This strategy also implies that we must defend and extend a democratic, accountable and efficient public sector, with the state as the preferred provider of social services to meet basic needs, as the foundation of building a national democratic, developmental state. Delivery of basic services should be underpinned by a conscious strategy to relieve the burden of unpaid labour by women.

Given the recent agreements reached at the NEDLAC Financial Sector Summit, we must escalate the campaign for the transformation and diversification of the financial sector, with a particular focus on transforming existing banks, building co-operative banking, strengthening public sector financial institutions, and mobilising workers? provident and pension funds, and the creation of a credit regime orientated towards our developmental objectives. We also need to halt the massive dis-investment flow spearheaded by our own major corporations.

We must build a co-operative movement through mobilisation of our people as well as engaging government at all levels to create an appropriate gendered legislative, policy, financing framework and an appropriate credit regime for the building of such co-operatives. We need to strategically focus initially on co-operative banks, workers? co-operatives and housing co-operatives.

We must also take forward the struggle for a comprehensive social security programme and system which must include a basic income grant, a national health insurance, and raising the age group for child grants.

All the above principally mean an Alliance-led and working class-driven, gender conscious implementation of the programme of action adopted at the Ekurhuleni summit. In practice and with reference to the SACP, the practical implications of the above are: -
? Building the internal policy capacity of the SACP at all levels in order engage with the development of a growth and development strategy also focusing on provincial and local economic transformation
? Engaging in the alliance around the implementation of the programme of action adopted at the Ekurhuleni Summit
? Engaging the discussions and policies to be tabled and discussed at the ANC Policy Conference and the ANC?s 51st National Conference
? Taking forward the outcomes of the financial sector summit
? Practital tasks of building co-operatives and a co-operative movement through linkages and work with the Dora Tamana Co-operative Centre and other organisations
? Mobilisation for the registration of those who qualify for social security grants and practical work towards a comprehensive social security system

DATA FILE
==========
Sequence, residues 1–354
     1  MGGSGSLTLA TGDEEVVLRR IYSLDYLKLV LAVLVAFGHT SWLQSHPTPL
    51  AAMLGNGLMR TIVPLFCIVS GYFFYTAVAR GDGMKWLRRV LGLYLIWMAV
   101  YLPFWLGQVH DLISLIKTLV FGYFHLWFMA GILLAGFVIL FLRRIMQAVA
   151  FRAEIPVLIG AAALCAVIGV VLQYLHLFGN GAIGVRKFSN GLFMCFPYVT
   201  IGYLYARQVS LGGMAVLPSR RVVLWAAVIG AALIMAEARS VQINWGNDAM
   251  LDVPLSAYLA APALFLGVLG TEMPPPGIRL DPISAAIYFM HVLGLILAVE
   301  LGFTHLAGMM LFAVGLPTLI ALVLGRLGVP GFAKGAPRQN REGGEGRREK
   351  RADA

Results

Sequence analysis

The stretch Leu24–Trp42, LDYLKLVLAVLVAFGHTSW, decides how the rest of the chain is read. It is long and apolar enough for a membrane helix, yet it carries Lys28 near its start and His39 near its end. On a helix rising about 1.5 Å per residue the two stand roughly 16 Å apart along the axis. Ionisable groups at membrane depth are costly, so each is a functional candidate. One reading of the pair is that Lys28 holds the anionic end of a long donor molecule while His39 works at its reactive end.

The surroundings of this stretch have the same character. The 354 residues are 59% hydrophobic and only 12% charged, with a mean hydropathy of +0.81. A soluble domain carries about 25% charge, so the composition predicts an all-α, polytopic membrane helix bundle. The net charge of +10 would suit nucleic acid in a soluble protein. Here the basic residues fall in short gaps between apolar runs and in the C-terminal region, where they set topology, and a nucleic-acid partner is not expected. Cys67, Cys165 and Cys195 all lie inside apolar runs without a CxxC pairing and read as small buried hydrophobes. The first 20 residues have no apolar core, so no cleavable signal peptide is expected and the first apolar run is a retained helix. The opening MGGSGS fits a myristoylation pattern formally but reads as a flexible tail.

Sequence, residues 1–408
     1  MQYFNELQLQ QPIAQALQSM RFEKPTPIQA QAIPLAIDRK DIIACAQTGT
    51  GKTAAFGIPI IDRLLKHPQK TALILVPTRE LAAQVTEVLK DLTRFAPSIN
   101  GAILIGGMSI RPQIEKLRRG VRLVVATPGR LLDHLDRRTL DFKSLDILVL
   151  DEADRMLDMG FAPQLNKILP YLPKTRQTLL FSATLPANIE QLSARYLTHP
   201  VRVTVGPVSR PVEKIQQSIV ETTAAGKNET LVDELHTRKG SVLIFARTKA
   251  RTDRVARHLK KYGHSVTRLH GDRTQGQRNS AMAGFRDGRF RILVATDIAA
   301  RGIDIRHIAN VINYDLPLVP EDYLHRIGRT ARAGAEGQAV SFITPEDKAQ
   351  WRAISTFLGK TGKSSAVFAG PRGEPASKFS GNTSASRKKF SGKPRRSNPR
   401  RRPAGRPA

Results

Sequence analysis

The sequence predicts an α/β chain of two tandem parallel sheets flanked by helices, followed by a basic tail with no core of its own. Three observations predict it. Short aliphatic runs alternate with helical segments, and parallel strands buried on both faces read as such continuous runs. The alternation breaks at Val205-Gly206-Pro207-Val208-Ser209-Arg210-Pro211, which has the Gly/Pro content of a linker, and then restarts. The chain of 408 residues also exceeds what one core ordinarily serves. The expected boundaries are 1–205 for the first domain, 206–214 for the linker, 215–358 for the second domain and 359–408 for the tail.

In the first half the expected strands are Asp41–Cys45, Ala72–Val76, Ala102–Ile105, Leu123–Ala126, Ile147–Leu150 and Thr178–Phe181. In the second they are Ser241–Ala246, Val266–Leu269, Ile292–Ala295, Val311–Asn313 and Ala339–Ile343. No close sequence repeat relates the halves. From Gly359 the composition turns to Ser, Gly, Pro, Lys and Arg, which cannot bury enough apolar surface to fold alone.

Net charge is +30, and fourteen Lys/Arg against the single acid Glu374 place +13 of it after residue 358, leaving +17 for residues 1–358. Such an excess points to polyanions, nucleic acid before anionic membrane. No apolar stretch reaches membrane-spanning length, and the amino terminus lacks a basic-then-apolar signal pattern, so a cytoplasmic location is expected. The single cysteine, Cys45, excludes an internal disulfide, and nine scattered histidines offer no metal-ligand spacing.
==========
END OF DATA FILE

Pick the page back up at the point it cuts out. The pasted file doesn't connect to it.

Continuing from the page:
We intend to focus on local governance and economic transformation through strengthening the delivery capacity of our municipalities, the building of sustainable communities and the building people?s power (Co-operatives, Community Policing Forums, Ward Committees, School Governing Bodies, strengthening party branches and districts, etc).

We seek to achieve this by accelerating the development and implementation of integrated development plans (IDPs) at local level. The anchor of local transformation should be building government capacity and people?s power for meeting basic needs, starting by accelerating the implementation of the commitment to provision of a certain amount of free basic services to the poor.

The 11th Congress directs us towards making local governance and economic transformation as a ?centre of gravity? for our Party in the years ahead, through ensuring that our growth and development strategy perspectives are implemented at this level.

The practical implications of the above are: -
? Capacity building at all levels of the SACP including the building of appropriate NGO capacity
? Elaboration and consolidation of the 1999 and 2000 Strategy Conference Resolutions into a consolidated programme and approach on local government transformation
? Development and implementation by each district of district level local transformation programmes (including aims, objectives, targets, programmes, campaigns, implementation structures)
? Positively leading and harnessing working class struggles around service delivery and transformation towards progressive and democratic service delivery and transformation at a local level